But while perhaps wishing you were better prepared to discuss periods with your sons or disliking themes of sneaking out in the film might be reasonable, assuming that periods are “too mature” for kids ages nine and up is preposterous. Some people begin menstruating as early as eight years old, and the average age of onset is between the ages of 10 and 15. Having such discussions with kids around those ages isn’t only relevant, it’s responsible. 

More than that, there’s nothing inherently “mature” about the topic of periods — they’re a basic bodily phenomenon that happens to half the population. As OB/GYN Diane Horvath explains, parents ought to use Turning Red as a welcome opportunity to introduce the conversation of periods to their kids of all genders in a safe, lighthearted way. “One of the loveliest things [about the period references in the movie] is that they’re done sensitively,” she tells me. “They didn’t make periods seem awful — it wasn’t framed as this terrible thing that you’re going to have every month, or something that’s going to cause you misery. It was just a matter-of-fact: ‘This means your body is changing.’” Likewise, the references are hardly explicit — kids are far likelier to encounter more revealing depictions of periods in school or online than they are in Turning Red.

Moreover, she adds, “It’s an opportunity to raise feminist boys who know periods aren’t something to be embarrassed about or make fun of someone for. Once you normalize it, then it’s not weird, and you also can’t weaponize it.”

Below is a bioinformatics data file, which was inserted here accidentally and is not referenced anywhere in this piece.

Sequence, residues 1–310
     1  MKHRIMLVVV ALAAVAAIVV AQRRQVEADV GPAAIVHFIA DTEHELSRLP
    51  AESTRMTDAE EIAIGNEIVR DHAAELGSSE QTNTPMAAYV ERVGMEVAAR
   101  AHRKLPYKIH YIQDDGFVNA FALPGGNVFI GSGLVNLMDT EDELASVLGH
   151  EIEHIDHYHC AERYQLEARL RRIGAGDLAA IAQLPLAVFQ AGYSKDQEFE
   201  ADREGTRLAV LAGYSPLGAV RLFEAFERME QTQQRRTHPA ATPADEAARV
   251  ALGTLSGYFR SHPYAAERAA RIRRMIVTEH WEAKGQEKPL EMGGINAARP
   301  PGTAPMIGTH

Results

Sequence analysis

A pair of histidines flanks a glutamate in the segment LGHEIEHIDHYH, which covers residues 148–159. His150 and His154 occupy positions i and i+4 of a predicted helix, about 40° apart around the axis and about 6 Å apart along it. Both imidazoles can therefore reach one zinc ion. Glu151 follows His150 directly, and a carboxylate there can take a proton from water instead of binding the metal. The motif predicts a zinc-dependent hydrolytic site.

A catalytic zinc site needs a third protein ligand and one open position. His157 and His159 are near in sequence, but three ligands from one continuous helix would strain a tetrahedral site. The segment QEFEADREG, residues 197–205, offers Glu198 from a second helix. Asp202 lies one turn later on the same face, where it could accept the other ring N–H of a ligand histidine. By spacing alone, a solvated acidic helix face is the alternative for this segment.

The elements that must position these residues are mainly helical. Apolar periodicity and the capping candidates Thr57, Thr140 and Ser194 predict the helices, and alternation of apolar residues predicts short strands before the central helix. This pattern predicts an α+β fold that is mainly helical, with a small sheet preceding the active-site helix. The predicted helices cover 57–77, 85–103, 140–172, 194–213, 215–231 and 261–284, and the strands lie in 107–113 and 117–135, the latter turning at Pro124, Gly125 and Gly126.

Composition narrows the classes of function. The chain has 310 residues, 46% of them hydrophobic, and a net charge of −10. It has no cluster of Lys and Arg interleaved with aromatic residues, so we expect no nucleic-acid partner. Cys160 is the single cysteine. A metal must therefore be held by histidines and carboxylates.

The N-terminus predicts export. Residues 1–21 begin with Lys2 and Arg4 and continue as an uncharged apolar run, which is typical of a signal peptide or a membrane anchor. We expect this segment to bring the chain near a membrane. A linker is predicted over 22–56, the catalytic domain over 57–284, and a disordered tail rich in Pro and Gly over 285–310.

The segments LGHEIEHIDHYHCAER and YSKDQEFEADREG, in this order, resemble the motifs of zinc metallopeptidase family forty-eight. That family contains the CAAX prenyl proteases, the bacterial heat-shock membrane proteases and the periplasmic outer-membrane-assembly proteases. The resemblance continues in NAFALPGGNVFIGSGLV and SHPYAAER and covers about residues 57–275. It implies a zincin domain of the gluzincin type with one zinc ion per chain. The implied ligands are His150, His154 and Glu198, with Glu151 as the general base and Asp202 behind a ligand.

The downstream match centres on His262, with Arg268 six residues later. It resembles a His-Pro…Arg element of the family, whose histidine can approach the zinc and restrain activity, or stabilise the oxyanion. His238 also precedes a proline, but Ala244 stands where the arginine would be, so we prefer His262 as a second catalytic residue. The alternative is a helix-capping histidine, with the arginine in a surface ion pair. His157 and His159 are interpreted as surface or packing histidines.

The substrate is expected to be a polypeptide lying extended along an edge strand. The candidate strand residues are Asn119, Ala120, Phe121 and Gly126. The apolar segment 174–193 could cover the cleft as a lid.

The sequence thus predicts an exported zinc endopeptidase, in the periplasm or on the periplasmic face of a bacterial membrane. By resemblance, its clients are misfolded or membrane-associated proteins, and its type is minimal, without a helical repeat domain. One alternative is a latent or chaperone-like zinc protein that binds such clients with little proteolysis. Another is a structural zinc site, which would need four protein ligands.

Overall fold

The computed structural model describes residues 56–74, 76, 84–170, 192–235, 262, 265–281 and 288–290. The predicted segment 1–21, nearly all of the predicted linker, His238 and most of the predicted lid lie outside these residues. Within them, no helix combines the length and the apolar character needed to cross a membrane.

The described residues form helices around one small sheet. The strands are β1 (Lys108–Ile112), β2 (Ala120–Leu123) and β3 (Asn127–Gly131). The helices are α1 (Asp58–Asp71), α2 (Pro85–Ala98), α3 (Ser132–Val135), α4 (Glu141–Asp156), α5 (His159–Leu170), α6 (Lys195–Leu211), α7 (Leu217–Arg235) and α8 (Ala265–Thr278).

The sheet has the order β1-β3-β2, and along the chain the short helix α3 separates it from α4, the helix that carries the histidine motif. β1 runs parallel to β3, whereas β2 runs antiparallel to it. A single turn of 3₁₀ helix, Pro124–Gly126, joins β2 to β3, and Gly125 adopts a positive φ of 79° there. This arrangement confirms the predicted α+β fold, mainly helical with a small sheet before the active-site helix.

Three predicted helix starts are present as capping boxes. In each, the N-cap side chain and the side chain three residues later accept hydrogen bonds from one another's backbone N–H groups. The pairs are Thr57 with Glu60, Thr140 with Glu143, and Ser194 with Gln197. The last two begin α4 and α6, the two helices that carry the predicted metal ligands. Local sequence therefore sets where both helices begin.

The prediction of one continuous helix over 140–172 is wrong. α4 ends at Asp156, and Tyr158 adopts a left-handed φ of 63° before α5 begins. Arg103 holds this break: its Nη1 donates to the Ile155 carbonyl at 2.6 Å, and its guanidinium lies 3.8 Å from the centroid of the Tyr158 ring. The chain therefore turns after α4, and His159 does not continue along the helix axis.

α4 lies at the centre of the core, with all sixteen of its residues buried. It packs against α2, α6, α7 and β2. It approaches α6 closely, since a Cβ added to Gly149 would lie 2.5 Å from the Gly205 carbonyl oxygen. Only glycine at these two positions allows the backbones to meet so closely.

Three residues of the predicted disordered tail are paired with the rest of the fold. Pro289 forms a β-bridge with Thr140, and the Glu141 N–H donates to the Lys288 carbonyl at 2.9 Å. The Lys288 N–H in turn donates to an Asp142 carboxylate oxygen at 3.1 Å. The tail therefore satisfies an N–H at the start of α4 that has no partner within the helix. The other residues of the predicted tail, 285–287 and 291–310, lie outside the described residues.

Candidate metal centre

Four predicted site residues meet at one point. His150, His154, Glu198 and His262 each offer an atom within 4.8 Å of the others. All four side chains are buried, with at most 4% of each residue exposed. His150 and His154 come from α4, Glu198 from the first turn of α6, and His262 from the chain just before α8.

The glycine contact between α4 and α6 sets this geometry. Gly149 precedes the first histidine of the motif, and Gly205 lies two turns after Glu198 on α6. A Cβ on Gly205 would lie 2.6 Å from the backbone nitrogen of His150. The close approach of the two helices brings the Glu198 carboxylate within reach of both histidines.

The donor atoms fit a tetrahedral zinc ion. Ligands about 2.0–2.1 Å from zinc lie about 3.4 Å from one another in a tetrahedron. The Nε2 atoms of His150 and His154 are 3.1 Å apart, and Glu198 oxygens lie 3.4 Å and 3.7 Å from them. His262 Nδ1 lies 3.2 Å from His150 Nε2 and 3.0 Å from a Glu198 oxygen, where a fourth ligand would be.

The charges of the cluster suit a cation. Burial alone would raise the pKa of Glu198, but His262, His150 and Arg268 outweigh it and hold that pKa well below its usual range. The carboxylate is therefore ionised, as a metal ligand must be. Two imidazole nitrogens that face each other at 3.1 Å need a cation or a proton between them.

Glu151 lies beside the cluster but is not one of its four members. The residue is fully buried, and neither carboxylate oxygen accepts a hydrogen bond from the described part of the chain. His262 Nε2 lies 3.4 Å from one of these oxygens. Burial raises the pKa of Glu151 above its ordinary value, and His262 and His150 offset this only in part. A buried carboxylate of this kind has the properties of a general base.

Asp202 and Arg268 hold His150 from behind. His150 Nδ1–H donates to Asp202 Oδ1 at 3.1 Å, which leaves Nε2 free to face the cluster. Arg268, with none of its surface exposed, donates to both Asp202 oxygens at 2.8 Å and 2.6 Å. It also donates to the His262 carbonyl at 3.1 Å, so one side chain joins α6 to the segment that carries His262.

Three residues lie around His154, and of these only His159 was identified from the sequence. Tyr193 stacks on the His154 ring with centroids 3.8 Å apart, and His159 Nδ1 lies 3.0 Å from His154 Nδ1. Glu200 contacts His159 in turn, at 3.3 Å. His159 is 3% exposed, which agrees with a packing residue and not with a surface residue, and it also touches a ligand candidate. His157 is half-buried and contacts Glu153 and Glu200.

Of course, you also prevent kids from developing some truly batshit beliefs about periods. On Twitter, people are generally skewering these bad reviews, and pointing out the ridiculous stories and beliefs they’ve heard from people who don’t understand menstruation. For example, someone highlighted a post on a parenting forum that claimed that bleaching your hair when you’re on your period would kill you, while another recalled an adult boyfriend who apparently believed periods were the equivalent of laying an egg and that pads were used to catch it. One guy also mentioned believing that doing headstands would stop a woman from bleeding on her period because tilting your head back stops a bloody nose, and then further assumed that’s why women do yoga. 

These pearl-clutching reviews obviously speak more to the stigmas and shortcomings of the parents themselves than they do the film. “It’s important that parents check their own opinion about periods and puberty,” says period activist and educator Candice Chiwa. “There are all sorts of words such as ‘curse’ and ‘sickness,’ as well as period myths that could be passed down to the child; so it’s important to check in with themselves about their own viewpoints, then verify with actual fact.” More importantly, to echo Horvath, sheltering children from this topic isn’t helpful — after all, what good does it do young boys to believe myths like swimming in the ocean with someone on their period will attract sharks? “Instead of keeping them in the dark, we should enlighten, equip and empower them with the right information so that they can make informed decisions,” Chiwa says. 

Whether or not parents were ready for the period talk when they watched Turning Red, it’s a conversation that needs to happen, and both Chiwa and Horvath agree that keeping your child away from Turning Red because of its period content is only prolonging the inevitable. “That there are a lot of people who aren’t having these discussions, and they feel called out by this film,” says Horvath. 

They can either deal with the problem head-on and talk about puberty with their kids, or leave them to learn about it elsewhere, probably inaccurately. That said, living in a world where you can stop your period with a headstand does sound kind of nice.